Several cities are also finding that companies who own commercial buildings – especially in sought-after central business districts – are converting them into living or Coliving spaces. Combined with the remote worker exodus from cities, this is changing the way we use cities and could be a positive change for local economies. People might not be traveling downtown to work, but they’re making them their home, and that will always stimulate local business.
The last time we saw such a monumental change in how we live and work was the industrial revolution. So, while we can’t predict just yet what the outcome of all this change will be, there’s no denying that we’ll find a way to make it work. Even in the commercial real estate market.
The Benefits Of Hybrid Work
It’s not hard to see why they asked if they prefer working from home to working in the office, nearly every employee polled chose remote. In fact, in an official study by Buffer, 99% of people would choose remote work if they could even if it was part-time or if they had to give up other things. Given the choice between commuting 1 hour to 1-½ hours one way to sit in a crowded office in uncomfortable clothing, including bad coffee and office politics, I’m betting we’d make the same decision.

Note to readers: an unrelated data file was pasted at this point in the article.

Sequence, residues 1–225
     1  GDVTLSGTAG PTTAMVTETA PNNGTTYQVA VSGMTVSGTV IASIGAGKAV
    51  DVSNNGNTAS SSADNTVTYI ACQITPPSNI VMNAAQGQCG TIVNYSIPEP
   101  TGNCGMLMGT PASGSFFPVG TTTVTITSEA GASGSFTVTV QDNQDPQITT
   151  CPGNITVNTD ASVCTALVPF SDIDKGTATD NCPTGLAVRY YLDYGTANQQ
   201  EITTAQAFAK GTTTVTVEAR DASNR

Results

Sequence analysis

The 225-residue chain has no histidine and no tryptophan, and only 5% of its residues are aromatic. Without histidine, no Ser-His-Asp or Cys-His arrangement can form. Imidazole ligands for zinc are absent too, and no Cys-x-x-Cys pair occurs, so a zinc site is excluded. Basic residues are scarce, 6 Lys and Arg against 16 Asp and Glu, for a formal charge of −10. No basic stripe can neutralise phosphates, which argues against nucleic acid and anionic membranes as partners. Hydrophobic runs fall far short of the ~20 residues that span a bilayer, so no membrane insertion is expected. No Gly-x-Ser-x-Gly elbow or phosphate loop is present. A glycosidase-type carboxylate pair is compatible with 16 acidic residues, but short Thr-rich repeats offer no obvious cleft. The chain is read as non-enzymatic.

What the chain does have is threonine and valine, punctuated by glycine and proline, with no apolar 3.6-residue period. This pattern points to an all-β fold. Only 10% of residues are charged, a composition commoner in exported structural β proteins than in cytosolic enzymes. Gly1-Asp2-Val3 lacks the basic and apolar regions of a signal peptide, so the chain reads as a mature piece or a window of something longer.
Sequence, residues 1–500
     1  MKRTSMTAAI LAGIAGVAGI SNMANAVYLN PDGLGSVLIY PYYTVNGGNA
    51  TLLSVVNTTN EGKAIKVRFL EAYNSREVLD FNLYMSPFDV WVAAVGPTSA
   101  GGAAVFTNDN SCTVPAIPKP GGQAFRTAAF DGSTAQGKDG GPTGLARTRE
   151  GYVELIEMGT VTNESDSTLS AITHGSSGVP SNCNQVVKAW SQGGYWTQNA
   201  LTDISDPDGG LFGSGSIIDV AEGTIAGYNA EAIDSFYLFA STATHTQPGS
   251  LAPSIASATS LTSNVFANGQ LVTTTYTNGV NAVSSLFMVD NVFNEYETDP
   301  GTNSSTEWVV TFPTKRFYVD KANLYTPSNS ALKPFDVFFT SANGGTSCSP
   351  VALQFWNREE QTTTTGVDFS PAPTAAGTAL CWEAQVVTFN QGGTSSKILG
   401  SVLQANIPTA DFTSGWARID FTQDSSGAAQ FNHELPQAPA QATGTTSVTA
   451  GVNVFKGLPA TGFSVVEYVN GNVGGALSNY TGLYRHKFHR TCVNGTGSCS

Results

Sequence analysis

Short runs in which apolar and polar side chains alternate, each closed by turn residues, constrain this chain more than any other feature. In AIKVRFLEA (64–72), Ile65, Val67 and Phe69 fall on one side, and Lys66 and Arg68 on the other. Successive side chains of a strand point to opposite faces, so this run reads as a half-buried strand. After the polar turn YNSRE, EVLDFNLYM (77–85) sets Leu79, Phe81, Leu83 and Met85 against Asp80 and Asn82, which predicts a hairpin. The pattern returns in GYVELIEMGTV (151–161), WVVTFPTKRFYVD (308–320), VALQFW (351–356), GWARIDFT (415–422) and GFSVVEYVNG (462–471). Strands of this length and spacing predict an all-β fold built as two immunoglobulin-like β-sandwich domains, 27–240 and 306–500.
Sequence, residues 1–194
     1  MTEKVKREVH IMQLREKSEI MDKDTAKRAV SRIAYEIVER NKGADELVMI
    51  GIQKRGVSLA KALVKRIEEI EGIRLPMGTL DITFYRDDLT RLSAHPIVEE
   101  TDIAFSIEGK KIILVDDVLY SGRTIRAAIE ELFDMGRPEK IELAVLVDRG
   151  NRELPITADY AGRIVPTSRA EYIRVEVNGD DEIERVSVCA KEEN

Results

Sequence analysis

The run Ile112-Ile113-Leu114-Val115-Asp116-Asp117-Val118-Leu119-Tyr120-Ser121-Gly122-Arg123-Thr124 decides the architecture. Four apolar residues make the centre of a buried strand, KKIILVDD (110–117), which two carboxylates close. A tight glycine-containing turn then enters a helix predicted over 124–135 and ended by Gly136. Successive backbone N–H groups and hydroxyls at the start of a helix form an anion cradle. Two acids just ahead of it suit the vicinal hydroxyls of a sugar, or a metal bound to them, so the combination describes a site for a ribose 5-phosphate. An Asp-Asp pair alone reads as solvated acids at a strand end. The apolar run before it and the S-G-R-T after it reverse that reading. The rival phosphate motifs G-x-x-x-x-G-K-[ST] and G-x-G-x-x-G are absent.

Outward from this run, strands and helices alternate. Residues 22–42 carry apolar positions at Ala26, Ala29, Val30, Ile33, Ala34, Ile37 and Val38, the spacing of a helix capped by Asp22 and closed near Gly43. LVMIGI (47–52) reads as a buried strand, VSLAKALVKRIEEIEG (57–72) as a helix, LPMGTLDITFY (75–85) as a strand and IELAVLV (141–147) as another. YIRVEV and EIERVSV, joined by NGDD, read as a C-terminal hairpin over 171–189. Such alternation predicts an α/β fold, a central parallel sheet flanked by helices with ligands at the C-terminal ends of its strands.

But there are some very interesting remote work statistics and hybrid work statistics that aren’t quite as obvious.
· The Becker Friedman Institute for Economics at the University of Chicago asked 10,000 people if they thought they were as productive when working from home. They all said they were. In fact, 30% of those polled felt that they were more productive working from home than in the office.
· On average, employees save 40 minutes of commuting time every day. That is 3.33 hours per week, or nearly seven days per year, assuming you work a five-day work week!
· 77% of people who work remotely – even occasionally – have improved productivity. Of those, 30% work more in less time, and 24% do the same amount of work in less time.
· Distractions are another big problem in the office, and 75% of people working remotely say they can avoid them more. This makes sense because they have more control over their working environment.
· 69% of millennials, according to CBRE, would give up other benefits – if it meant they would be able to work from home. Some are even willing to take pay cuts if they have to.